I just don't know what to do. we have these nasty blow ups, and it's very stressful. he wasn't like this before he moved in, and i thought we would work through it, but this latest blow out, it just makes me so tired and stressed. i can't concentrate on work, i can't concentrate on being with my kids. it's just...i don't know what to do. it's not like i hid ANY of the warts of what it would be like living with us, but maybe he just didn't believe me, or thought he would be able to change it all.

if anyone could give me advice on blending families, i'd really appreciate it.

Friday, November 7, 2014

Healing from abuse--listed in 10 steps (but it sometimes feels like 2 steps forward 1 step back)

  1. Joy:  Once I left my abuser, there was that moment (and many moments thereafter), that I celebrated—not in any tangible way, but emotionally, almost giddy about how somehow I DID it.  I got out.  I saved myself.  I immersed myself in hugging my babes and working and figuring out the new system, the new grind, the grind that I daily embrace, sometimes rejoicing, because the alternative was so awful.
  2. Doubt and Fear:  Then the doubts creep in.  DD1 or DD2 starts throwing a fit or a tantrum, that later I understand is perfectly natural given the context:  they are hungry, or tired from a long day at school, or transitioning back from dad’s house, or just in general moody (that goes for DD1, she’s elementary going on high school some days, I swear), or all of the above.  And I think, crap, how is this “new life” better for them?  Me being tired all the time, short on patience?  Or, nasty e-mauls pour in, which sometimes trigger panic mode (this got better with time, but sometimes they can be almost as bad as right after the separation), and I have to first calm the F*** down.  Then, in the aftermath, gather all my wits about me, and figure out how to respond.  Consult my trusted advisors.  Who I think are getting burned out by this, and I don’t blame them, so I’m trying to scale back a bit.  I have to learn to trust myself, too.  It’s been more than 3 years, and I’ve improved, but I’m not perfect.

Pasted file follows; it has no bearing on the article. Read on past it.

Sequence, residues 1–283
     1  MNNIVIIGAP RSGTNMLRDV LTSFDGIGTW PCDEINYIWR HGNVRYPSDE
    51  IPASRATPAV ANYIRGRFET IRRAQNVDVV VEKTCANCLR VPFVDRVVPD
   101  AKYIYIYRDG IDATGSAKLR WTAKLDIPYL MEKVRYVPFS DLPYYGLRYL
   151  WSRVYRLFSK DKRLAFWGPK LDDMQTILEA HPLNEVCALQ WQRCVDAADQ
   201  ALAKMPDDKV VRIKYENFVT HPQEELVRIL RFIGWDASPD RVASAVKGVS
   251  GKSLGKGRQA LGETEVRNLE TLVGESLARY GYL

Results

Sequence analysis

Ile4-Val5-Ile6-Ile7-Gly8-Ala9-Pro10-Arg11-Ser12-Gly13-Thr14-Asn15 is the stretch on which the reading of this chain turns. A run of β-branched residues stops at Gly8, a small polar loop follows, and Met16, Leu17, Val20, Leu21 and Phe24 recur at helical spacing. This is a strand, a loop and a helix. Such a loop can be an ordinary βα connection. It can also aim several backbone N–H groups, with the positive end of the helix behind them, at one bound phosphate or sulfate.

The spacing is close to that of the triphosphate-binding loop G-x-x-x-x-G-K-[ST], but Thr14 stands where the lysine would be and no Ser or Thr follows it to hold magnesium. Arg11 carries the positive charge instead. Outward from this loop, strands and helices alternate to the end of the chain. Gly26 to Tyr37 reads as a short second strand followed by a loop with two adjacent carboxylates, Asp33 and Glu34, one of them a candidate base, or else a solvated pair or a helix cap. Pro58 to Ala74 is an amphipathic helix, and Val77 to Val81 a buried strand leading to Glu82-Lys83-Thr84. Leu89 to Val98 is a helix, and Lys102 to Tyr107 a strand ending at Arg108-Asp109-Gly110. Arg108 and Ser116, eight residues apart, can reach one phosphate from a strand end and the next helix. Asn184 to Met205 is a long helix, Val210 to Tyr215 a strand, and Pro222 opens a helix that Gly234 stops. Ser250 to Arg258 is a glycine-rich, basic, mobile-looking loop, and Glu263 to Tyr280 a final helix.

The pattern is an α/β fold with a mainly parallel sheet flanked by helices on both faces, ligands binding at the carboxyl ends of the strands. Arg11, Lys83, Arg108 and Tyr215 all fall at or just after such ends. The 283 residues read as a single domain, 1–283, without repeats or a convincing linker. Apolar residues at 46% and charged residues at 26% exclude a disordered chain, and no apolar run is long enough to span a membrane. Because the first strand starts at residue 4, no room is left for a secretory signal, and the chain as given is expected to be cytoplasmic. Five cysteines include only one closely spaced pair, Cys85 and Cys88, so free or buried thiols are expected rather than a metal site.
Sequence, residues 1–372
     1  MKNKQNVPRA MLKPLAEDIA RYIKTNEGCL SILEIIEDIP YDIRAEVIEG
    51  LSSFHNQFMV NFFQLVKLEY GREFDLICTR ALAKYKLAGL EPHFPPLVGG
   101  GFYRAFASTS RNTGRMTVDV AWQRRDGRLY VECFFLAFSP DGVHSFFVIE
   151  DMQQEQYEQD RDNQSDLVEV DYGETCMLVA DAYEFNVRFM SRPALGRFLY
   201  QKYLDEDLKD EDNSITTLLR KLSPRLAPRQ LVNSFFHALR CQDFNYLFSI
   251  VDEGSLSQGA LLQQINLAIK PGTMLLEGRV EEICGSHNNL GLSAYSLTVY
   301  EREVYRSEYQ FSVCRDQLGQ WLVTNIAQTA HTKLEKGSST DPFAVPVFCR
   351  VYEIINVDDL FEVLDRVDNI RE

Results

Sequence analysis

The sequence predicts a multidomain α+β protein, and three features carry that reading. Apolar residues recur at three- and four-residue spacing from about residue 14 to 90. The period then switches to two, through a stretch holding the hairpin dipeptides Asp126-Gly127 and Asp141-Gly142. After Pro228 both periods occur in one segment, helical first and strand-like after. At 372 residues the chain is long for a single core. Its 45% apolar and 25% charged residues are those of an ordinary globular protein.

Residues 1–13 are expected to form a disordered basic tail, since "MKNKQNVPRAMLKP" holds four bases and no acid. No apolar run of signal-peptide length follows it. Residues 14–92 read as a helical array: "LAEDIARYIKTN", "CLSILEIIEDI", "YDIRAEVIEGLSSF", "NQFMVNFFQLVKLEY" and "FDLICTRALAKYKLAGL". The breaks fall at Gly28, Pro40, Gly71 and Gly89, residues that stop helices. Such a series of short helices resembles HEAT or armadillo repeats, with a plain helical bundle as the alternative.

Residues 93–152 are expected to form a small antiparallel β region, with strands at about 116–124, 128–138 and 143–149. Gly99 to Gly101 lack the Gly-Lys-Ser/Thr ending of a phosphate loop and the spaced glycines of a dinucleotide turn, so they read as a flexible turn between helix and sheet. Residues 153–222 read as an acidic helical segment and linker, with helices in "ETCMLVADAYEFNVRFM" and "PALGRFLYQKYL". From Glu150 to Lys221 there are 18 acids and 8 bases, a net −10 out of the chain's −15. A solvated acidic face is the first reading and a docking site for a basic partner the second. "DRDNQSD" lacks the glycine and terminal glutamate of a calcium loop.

3. Building that “new life” step one:  I noticed within that first year that our house was so much calmer.  Up until he moved out, I had worried, fretted, frightened to take over all the parenting duties, but you know what?  The before-sunrise-wake-up, while we are all tired, is so much MORE peaceful than the explosions of DD1 spilling milk and him swearing and yelling and DD1 or DD2 crying until someone threw up.  Yes, it’s a speedboat race challenge to get us all out the door, lunchboxes and backpacks and mommy work crap all packed up in the car, but within the chaos, there is peace.  I need to remember that.  So much more peaceful.
  4. Building that “new life” step two:  Much of our life is built around our “routine”—sometimes I complain about slogging through said mornings, and after school activities, and evening craziness, but my girls are doing well—in school, developmentally, socially bonding with their pals and their family and new stepfather—so the routine, I think helps.  In some ways, I think when the girls do “act up” when they come home, it’s not so much that they are upset, it’s that they know that it’s okay in my house to relax and push the boundaries.  Because we will always be firm.  Supportive, but firm.  (And no, I’m not perfect, I sometimes yell, but every day and every week I’m learning to get better at it.  Sleep helps).  They know at my house there are rules, so they lean into them.
  5. Taking the time for therapy:  My therapist helped me get out of my abusive relationship.  She even showed up at court to support my case.  She still helps me heal.  To understand the triggers.  To recognize things in my previous birthday blues post.  To love and accept my loving husband as human and to accept his love and also be realistic about what I can expect from him and what I can give.  To not project my fear and doubts onto him, but to own them and work on them myself.  To yes, take concerns seriously and ask him to work on certain things (his transition moving in was very difficult, and he still is working on the ‘fight’ and acceptance of my strategies in dealing with the ex), and at the same time, live in the moment.  To know it will take time to fully gel as a couple and as a family.  Let it take that time and it’s okay to be hopeful for the future and realistic about how we can handle it.